Activist Gulalai Ismail, who escaped to the West last year, leaving her family back home, spoke of “thousands of displaced Pashtuns” who continue to live without their homes because of militarization of the tribal belt. “This has given rise to the Pashtun Tahaffuz Movement (PTM). Arif Wazir is just one example of many target killings in tribal areas,” Ms. Ismail said, pointing to the recent high-profile killing of a PTM leader in Waziristan.

Former Pakistan Ambassador to Cuba, Kamran Shafi said that coercion of politicians and regime critics in the name of accountability had “gone wild and rampant.” “While we should expect politicians to be more proactive, the current regime was using the coercive power of the National Accountability Bureau (NAB) with no speedy recourse to the Superior Judiciary. NAB has morphed into an institution higher than Parliament and the government. combined,” he stressed.

Journalist Taha Siddiqui highlighted the recent case of exiled Baloch journalist Sajid Husain who was found dead in Sweden. “His mysterious death is a concern to all dissidents like us abroad. I hope Swedish authorities can catch the perpetrators, but if it is the work of Pakistani agencies, it is unlikely that they left a footprint,” Mr. Siddiqui said.

Former parliamentarian and author Farahnaz Ispahani raised the issue of the violence against and perpetual oppression of minorities in Pakistan. “The minorities in Pakistan are struggling even more due to COVID-19. We must focus our efforts in providing them relief. They are the most vulnerable group in the country in this pandemic,” Ispahani said.

In his concluding remarks, Husain Haqqani referred to the pandemic and its impact on Pakistan. “The post-COVID-19 environment will only aggravate Pakistan’s crisis. To counter it, instead of persisting with old, failed policies, a new approach must be adopted. “It should be based on tolerance, democracy, genuine federalism,” Haqqani said.

He further added that Pakistan has a better chance moving forward as a democracy and a federation. “Unfortunately anti-democracy elements paint democrats and pro-federation voices as anti-Pakistan,’ he added.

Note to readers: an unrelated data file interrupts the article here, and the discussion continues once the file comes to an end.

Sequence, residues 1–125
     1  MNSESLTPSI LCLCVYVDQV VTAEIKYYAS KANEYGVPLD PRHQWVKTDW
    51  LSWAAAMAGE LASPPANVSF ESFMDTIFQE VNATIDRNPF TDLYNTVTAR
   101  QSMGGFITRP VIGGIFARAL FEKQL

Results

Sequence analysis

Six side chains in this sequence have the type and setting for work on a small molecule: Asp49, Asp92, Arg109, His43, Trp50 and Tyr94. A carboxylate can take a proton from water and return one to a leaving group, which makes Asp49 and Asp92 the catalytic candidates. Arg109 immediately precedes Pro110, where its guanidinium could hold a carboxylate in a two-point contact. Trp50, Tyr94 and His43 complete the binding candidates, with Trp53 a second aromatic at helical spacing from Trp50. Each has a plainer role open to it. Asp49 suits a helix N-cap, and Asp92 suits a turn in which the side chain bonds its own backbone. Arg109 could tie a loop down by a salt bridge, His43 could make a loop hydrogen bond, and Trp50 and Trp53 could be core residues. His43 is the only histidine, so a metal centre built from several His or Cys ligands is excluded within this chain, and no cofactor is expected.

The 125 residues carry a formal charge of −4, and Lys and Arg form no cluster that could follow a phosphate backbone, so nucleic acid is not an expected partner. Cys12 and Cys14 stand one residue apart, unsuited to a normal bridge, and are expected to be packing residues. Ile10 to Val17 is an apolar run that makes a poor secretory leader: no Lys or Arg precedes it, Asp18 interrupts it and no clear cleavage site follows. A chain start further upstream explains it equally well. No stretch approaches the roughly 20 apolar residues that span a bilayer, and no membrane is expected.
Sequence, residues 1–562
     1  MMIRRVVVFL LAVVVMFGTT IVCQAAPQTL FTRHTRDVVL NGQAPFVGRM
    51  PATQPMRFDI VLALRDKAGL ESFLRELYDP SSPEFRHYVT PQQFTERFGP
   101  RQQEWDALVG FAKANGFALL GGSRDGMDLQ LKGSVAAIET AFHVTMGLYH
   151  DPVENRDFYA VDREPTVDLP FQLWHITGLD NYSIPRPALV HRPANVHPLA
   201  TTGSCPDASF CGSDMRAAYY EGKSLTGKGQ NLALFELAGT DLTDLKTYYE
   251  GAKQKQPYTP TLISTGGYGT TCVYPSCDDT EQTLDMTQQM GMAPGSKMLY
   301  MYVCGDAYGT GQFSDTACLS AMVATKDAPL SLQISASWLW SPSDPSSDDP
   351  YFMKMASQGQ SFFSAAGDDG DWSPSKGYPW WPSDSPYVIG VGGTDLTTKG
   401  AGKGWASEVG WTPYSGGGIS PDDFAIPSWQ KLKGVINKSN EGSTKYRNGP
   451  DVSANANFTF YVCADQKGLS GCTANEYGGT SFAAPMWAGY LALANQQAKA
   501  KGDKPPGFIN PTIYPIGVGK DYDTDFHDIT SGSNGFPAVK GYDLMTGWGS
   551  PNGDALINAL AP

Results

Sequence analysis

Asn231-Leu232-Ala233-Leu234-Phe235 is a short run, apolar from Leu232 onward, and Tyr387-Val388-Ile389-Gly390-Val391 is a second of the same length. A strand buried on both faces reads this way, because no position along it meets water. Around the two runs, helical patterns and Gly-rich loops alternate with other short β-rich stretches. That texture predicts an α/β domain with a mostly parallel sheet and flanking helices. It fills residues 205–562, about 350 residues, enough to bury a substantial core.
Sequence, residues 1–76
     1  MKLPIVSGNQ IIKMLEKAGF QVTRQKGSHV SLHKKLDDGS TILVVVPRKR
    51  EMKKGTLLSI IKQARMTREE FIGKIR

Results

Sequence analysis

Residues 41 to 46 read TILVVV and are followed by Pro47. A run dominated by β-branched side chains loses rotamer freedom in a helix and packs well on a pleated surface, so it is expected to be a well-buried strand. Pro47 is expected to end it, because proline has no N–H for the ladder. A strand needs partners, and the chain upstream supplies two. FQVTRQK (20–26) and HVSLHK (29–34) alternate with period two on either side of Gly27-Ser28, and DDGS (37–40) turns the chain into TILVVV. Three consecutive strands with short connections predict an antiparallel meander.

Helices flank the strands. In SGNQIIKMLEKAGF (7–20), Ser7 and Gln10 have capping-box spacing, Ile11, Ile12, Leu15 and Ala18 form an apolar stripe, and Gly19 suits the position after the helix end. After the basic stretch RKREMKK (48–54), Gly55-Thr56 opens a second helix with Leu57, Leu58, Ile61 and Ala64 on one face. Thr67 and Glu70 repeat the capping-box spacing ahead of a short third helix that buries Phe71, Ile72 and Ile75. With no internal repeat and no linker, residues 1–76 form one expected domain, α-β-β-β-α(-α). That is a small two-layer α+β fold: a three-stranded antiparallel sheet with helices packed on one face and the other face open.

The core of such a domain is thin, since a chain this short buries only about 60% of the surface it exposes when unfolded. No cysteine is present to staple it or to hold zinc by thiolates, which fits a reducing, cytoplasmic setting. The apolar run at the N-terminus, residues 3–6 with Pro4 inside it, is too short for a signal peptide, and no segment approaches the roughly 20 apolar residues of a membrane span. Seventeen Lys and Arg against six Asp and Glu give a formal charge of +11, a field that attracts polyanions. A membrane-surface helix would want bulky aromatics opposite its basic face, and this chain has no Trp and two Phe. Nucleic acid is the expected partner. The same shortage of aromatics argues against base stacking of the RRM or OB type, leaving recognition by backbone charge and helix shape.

Haqqani said dissent from established narratives has always proved useful for states and societies to correct their rotten traditions. However, most people find it difficult to question certain beliefs, ideologies, or narratives they have been continuously fed.

The history of the world proves that it was dissenting people like Galileo, Copernicus, Albert Einstein, Abraham Lincoln, Martin Luther King Jr, and many others like them who not only changed the way people thought but also were able to bring changes to their societies and the world.

Dissent a crime

In  Pakistan where dissent is considered a crime, most dissident journalists, intellectuals and human-rights activists find themselves at the receiving end, as not only do the propaganda machinery of the state and mullahs work against them, but most ordinary citizens are brainwashed by that same propaganda to perceive such people as traitors or agents of Western powers who want to destroy the social and political fabric of their country.

A state where dissent is not allowed or can cost one’s career or even his life can resemble a graveyard, as living societies reflect pluralism. Different opinions and ideologies are respected in the civilized countries even if they are not endorsed by the authorities or if the general masses are unaware of the invisible dynamics at work in the corridors of power.

Conference participants said one has to give credit to Haqqani, who faced the wrath of the 'invisible forces' in a fabricated case called ‘memogate’ as the Chief Justice of Pakistan at the time, Iftikhar Muhammad Chaudhry, left no stone unturned to find a way to convict him of treason.

Haqqani after resigning from his post settled in the US, and since then has worked with think tanks and provided a platform to dissenting journalists and intellectuals.

The conference organizers said that over 30 participants joined the conference that used the #SAATHVirtualConf2020. The hashtag trended in Pakistan. We also received reports that Pakistani users experienced Twitter and other social media websites outages, which we suspect was done to disrupt the Pakistani public from following the conference’s deliberations.

As SAATH was airing its virtual conference on Twitter so people in Pakistan could watch it live, first the Internet became slow, and then the forum’s Twitter account was restricted. That raised the suspicion among SAATH members and its followers in Pakistan that the authorities had deliberately intervened in order to censor the proceedings.

Though no statement from the authorities in Pakistan was given, SAATH said the government should clarify if it was done deliberately or if there was a legitimate problem with the Internet. Who restricted access to the SAATH Twitter handle, and why was it restored soon after the virtual conference was over?

(The writer is President, Commonwealth Journalists Association.  The views expressed are personal. He can be contacted at